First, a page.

Oct 20, 2001 1:15 PM
|I want to repaint my bike. Can I use paint thinner to remove the paint? Should I use urethane paint to repaint or what? Anyone have experience with this?|
|How good of a job do you want?||nee Spoke Wrench|
Oct 21, 2001 6:05 AM
|Your paint job will never be any better than your preparation, equipment, and materials. The only time I got a result I was really happy with using spray cans, I used lacquer. I've not been successful in finding lacquer in spray cans since then.
One other bit of advice: A tube has four sides. I'd recommend finding something made with tubing to practice on before you try to paint a bike frame. Bicycling Magazine, sometime in the early 70's, had a WONDERFUL article about painting bike frames with spray cans. If you can find it, it contains more practical advice than you'll find anywhere else.
|Spray can paint?||bear|
Oct 21, 2001 4:05 PM
|can spray paint,,,dont you have to bake it? I have a TI frame that I would love to paint,,,how ggod a job can you get from doing it your self?|
Oct 22, 2001 7:54 AM
|To remove the paint you should have it "media blasted". They use a softer material than sand, and it comes off nicely with no damage to the fragile tubes.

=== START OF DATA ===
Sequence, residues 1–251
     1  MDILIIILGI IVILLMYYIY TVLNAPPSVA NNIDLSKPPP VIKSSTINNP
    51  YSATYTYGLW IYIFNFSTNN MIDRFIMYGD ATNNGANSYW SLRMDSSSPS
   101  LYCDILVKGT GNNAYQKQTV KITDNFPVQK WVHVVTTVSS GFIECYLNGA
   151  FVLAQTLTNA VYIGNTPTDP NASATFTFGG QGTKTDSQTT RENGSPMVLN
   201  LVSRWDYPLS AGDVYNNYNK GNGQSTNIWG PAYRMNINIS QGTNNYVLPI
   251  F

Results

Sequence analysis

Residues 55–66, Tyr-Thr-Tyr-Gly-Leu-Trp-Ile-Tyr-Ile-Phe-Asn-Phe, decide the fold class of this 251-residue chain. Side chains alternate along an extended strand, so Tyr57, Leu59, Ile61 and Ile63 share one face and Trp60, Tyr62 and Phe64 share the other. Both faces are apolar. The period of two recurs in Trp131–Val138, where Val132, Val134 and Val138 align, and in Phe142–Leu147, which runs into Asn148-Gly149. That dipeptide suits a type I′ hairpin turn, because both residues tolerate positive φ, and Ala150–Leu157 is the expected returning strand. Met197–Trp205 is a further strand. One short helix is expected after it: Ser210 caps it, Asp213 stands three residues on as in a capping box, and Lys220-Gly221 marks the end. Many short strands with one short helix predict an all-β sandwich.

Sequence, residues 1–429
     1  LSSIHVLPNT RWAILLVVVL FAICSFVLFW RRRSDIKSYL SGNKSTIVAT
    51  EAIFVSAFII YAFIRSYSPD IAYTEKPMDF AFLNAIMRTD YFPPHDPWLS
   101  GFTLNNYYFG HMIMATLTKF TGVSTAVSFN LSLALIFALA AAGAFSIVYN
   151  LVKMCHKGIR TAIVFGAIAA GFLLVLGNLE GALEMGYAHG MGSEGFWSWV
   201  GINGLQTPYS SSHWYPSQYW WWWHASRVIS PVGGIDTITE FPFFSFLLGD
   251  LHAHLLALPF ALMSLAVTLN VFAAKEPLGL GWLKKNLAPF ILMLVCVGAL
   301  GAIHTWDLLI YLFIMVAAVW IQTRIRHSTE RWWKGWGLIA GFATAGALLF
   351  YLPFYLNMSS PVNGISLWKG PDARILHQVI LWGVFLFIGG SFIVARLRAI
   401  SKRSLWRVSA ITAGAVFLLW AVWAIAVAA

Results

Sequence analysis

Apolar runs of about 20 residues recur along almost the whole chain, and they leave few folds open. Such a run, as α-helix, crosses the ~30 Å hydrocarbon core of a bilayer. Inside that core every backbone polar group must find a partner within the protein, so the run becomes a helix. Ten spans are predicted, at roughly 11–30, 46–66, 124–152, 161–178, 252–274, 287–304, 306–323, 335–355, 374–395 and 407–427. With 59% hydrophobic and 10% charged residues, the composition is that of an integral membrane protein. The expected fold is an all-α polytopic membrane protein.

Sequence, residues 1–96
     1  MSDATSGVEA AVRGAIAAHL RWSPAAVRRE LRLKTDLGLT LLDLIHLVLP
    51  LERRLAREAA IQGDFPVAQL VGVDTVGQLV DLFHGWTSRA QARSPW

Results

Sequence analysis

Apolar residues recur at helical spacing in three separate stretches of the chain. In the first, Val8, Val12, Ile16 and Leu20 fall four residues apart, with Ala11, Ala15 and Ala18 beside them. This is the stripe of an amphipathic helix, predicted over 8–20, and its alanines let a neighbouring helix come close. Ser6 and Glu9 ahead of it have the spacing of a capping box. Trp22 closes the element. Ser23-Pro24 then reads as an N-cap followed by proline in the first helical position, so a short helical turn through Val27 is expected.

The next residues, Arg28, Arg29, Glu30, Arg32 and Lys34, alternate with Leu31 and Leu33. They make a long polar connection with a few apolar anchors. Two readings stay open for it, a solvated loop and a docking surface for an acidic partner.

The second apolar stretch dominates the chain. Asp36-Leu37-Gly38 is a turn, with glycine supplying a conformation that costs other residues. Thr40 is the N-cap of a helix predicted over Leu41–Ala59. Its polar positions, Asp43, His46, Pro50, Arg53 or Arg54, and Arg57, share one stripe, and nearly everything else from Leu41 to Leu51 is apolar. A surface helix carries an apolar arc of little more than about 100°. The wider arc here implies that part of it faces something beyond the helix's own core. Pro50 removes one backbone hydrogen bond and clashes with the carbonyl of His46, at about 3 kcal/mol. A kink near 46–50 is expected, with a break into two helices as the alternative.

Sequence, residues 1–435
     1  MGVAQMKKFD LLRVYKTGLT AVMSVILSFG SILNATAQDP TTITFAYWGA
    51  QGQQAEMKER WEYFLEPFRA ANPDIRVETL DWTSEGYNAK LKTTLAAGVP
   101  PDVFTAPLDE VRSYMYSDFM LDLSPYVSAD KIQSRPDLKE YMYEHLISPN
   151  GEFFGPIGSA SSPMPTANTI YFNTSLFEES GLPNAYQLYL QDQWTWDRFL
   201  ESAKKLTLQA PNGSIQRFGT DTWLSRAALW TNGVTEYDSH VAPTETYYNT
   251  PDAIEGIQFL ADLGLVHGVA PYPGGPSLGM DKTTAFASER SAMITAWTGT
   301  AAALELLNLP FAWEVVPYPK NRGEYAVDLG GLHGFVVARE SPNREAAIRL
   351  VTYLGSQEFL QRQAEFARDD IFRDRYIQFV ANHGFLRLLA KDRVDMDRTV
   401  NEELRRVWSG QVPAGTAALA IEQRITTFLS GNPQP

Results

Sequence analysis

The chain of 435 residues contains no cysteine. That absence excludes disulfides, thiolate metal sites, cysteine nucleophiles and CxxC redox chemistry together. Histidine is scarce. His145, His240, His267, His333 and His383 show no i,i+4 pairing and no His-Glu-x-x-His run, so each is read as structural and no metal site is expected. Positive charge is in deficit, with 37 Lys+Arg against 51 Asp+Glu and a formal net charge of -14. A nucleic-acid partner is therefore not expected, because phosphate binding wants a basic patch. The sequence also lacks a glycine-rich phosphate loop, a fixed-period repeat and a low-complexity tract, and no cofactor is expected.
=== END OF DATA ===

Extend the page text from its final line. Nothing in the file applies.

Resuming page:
I have painted one frame and I had much of the necessary equip, like a HVLP spray rig and a shop with a homemade booth. I didn't have any dreams of a fabulous job, because I'd heard that spraying frames is difficult. Let me tell you it is a b!tch to do it. Taking it to an auto painter is no better. They always think that they can do it , but they have trouble too. If you dont believe it, buy some 1" dowels and position them to resemble a frame as close as possible and do a little practice. You'll see what I mean. Powder coating would be an alternative that you might want to consider. It is relatively inexpensive for a one color job. Check the yellow pages, and ask lots of questions.
|Home paint jobs||Nessism|
Oct 23, 2001 11:57 AM
|I've painted several frames now and don't think it is so hard. The round tubes allow the paint to flow in different directions which helps to eliminate runs. I wouldn't bother trying to paint using spray cans however, the quality of the results will not be worth the effort. As far as how to paint goes, the prep steps are identical to thoes of painting a car with the exception of media blasting (note: the media can be sand) to give the surface some tooth for the paint to adhere to. Go to a local library and pick up some auto body paint books and contact your local auto paint retailers and ask for some tech materials published by the various paint manufactuers. Good luck.|
Oct 22, 2001 8:17 AM
|There's a reason that having a bike painted costs more than having a car painted. It's not easy. I have a friend who was a pro racer and sprayed his favorite steel rig to match whatever team he was racing for that week (and of course, sold the frame the team gave him). His bikes always looked awful- but he pointed out that he could do it himself ten times for every one time it was done professionally.|| |